AT&T a la China… But Worse.

About, oh, 1000x worse. Okay, so we’re used to China and their constant censorship of US darlings like Google Apps, Youtube, whatnot and what have you. By now, it’s actually alarming if one of our social media sites isn’t being censored by the Great Firewall (let’s call that the GFW from now on, a la the lovely Twitter hashtag #FuckGFW).

Apparently, AT&T has decided to block 4chan. 4chan. Let’s say that again – 4chan. Of all the sites they could have censored, 4chan? Really? Really? Did they not see what 4chan did with TIME’s 100 Most Influential People list? And TIME didn’t even do anything to them. AT&T’s got some real cajones if they’re willing to take on the wrath of 4chan, which of course, comes bundled with the army of anon. You just don’t mess with 4chan, unless you want your homepage to start displaying 2girls1cup or meatspin- and that’s only the start of it.

As per TechCrunch:

AT&T has just opened perhaps the most vindictive, messy can of worms it could have possibly found. Blocking any site seems like a breach of user trust, but the decision to block 4chan in particular just seems stupid. Expect the web equivalent of rioting if this doesn’t change soon. – Jason Kincaid

The troops have already begun rallying here and on Encyclopedia Dramatica. I don’t know about you, but I’m stocking up on my popcorn. Unless 4chan decides to blow up AT&T’s servers, in which I will be /wrist, because sadly, my service provider is AT&T.

From Encyclopaedia Dramatica:

This isn’t like going to war with Anontalk, or Scientology, or some website, it’s AT& fucking T. There will be no lulz in this war.
This time the internet IS serious business.

4chan God Help Us If They Ever Assemble

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Great Firewall of China 2.0

It never fails to amuse me when I check my comments and find foblish spam- the one asking me to join a prostitution site was a real gem.

Anyways, I was talking to my dear, esteemed friend Robert last night, and he bugged me about not updating my blog. “Why don’t you have an Asia 3.0 or North Korea lulz post yet, hmmmm?” Well, coincidentally enough, here you go!

China’s internet po po were at it again– apparently the majority of Google’s services were blocked in China, including Gmail, Gtalk, Google Apps, Google Books, Google Images, and of course,, too. It seems like this is the latest in a string of the blocking-happy measures, not including the mass blockage of pretty much all social media and search engines (like Bing) near the Tiananmen anniversary.

But really, Google? C’mon China, we all know no one should touch Google, since it’s going to take over the world and all in the near future. Okay, jokes aside, what does China really aim to achieve with all this Great Firewalling? I assume the main purpose is to keep all the Liberal Capitalist Rubbish (yes, capitalized and all) out of the minds and sight of young, revolutionary-able Chinese netizens, but history has taught us that the 300 million strong band of netizens will always find a way to either circumvent the GFW with the ease of VPNs, or at least manage to unleash frustration and “WTF?!”s onto various unblocked BBS. Or mass post to Twitter with the oh-so-affectionate #fuckgfw hashtags.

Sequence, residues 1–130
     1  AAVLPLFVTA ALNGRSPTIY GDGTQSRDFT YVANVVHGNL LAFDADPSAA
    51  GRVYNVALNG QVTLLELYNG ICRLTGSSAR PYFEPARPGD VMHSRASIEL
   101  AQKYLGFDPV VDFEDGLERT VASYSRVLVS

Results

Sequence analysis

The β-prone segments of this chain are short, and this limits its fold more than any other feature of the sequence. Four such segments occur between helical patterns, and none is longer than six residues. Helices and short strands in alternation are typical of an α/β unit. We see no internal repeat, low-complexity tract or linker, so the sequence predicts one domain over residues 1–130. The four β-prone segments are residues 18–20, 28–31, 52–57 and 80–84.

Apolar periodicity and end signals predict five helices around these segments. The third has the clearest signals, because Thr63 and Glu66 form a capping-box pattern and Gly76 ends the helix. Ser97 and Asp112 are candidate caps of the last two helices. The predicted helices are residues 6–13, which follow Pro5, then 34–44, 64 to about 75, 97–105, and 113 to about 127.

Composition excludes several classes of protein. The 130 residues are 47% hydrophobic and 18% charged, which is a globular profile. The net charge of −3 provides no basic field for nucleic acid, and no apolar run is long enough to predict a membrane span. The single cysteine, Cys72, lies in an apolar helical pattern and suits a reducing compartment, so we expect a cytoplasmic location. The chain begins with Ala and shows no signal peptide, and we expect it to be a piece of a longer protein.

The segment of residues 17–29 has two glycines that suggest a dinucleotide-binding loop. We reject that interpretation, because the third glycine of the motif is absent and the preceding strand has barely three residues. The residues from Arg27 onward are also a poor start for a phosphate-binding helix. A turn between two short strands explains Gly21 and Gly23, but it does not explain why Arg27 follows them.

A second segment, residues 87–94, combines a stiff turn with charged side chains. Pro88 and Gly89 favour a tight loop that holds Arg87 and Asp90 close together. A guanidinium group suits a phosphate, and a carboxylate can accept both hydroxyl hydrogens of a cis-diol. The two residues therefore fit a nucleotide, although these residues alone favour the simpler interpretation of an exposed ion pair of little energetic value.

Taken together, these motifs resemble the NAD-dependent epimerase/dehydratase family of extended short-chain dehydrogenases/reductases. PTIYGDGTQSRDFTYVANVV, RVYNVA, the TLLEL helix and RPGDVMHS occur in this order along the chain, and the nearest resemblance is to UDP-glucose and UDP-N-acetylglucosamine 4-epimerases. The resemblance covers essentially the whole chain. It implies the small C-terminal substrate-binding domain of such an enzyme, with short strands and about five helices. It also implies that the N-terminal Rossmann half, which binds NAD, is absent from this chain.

Additionally, the international media always makes a big fuss and throws a couple of a frowns in China’s direction when things like this happen. Granted, I know China’s sitting across the Pacific laughing at us fools in this recession, so our approval hardly has the same impact as in the past (not that I’m saying America- or any other country- should have a deciding say in anything that goes in with China in a flamboyantly cowboy diplomacy way; but that’s a discussions for some other time). Still, this is remarkably attention grabbing in a way that China probablyyy doesn’t want.

Some services have been unblocked, but the damage is still done. What next, China? I’m waiting for the day they block MSN/Windows Live services- that’s when all hell will break loose on the net.

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Asia 2.0

Well, to start off, I really fail at consistently blogging. So, in the midst of finals week and in between writing two consecutive final papers, I figure, hey what a perfect time to blog! </procrastinate>

I ran across this article the other day about how social networks, at least those born and raised on good ol’ American soil, need to adapt to Asian culture if they ever want to succeed in the Asian region. This is critical to the success of any social website that wants to succeed- and not only do they have to adopt local characteristics and tastes, but also compete against the already established local networks. When we were conducting interviews earlier this semester for UMA’s creative committee, this was actually the case question we asked the prospys. It seems that so many companies are ready to jump head first into China without considering the culture and end up getting owned in the face by local establishments. It’ll be interesting to see if the big names like Facebook will make changes that cater specifically to target areas in Asia.

And speaking of Asia Web 2.0, the Geeks on a Plane tour is now official. While a nine-day foray into the world of Asian internet startups and companies won’t be comprehensive at all, it’d still be a hell of a lot more informative than what we can only access on the intarwebz. I like the fact that they’re attending events that are hosted by companies started and based in Beijing/Shanghai/Tokyo, rather than companies abroad that have been Asianified. The events in Shanghai look especially attractive- the Barcamp Shanghai un-conference hosted by Tudou and a Geeks & Glamour after party at the shiny M1NT lounge? *dies*

And before I go, I’d like to throw a shout out to my homedizzle Robert, all the way out thurr in Las Vegas. :] Happy?

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